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- Proceedings of the National Academy of Sciences
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- Medium: X
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- National Science Foundation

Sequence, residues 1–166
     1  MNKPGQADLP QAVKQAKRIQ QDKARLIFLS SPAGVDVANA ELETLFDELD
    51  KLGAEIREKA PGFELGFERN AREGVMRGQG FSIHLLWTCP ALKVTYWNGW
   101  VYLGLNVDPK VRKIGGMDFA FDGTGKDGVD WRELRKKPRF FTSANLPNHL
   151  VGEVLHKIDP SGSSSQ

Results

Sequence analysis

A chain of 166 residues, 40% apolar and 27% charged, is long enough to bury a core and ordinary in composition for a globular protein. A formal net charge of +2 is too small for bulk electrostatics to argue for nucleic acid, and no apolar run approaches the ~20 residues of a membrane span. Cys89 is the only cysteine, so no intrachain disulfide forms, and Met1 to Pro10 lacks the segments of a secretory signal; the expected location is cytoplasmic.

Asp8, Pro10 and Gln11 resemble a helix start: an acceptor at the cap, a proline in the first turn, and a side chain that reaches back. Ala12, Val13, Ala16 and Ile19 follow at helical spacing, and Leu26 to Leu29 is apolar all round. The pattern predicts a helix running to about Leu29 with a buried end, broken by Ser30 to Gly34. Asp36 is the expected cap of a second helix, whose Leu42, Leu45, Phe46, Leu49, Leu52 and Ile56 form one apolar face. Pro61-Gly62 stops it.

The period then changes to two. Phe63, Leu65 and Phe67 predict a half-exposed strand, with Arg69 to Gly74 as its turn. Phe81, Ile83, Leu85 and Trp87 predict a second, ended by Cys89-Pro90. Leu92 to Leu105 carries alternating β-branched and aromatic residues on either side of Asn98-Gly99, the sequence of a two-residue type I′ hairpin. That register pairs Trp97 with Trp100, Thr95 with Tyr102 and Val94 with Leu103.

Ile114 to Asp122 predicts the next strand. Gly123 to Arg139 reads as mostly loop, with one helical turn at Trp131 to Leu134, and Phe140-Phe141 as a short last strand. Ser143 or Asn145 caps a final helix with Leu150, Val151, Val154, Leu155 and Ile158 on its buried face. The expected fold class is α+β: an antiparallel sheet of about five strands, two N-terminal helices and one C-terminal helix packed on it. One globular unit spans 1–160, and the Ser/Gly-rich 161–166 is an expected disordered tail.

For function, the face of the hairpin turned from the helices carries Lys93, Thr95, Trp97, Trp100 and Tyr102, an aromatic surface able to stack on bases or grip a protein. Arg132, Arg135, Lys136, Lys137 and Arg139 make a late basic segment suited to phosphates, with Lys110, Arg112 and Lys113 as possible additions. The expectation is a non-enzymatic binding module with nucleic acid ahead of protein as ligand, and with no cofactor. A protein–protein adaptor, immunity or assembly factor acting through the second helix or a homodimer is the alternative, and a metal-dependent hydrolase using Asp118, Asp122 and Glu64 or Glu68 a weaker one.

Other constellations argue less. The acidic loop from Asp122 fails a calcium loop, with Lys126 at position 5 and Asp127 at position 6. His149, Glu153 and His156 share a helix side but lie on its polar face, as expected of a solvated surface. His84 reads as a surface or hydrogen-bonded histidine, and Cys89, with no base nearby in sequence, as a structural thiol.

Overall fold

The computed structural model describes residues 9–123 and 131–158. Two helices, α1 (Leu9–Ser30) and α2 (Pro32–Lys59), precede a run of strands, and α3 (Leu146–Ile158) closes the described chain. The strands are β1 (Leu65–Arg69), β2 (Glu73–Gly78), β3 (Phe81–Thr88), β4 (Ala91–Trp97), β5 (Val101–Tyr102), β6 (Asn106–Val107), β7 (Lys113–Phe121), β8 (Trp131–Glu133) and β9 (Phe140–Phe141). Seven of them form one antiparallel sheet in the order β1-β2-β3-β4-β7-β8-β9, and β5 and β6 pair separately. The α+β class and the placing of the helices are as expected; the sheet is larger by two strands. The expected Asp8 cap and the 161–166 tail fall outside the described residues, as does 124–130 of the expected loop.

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Essential cellular processes of microtubule disassembly and protein degradation, which span lengths from tens of μm to nm, are mediated by specialized molecular machines with similar hexameric structure and function. Our molecular simulations at atomistic and coarse-grained scales show that both the microtubule-severing protein spastin and the caseinolytic protease ClpY, accomplish spectacular unfolding of their diverse substrates, a microtubule lattice and dihydrofolate reductase (DHFR), by taking advantage of mechanical anisotropy in these proteins. Unfolding of wild-type DHFR requires disruption of mechanically strong β-sheet interfaces near each terminal, which yields branched pathways associated with unzipping along soft directions and shearing along strong directions. By contrast, unfolding of circular permutant DHFR variants involves single pathways due to softer mechanical interfaces near terminals, but translocation hindrance can arise from mechanical resistance of partially unfolded intermediates stabilized by β-sheets. For spastin, optimal severing action initiated by pulling on a tubulin subunit is achieved through specific orientation of the machine versus the substrate (microtubule lattice). Moreover, changes in the strength of the interactions between spastin and a microtubule filament, which can be driven by the tubulin code, lead to drastically different outcomes for the integrity of the hexameric structure of the machine.more » « less
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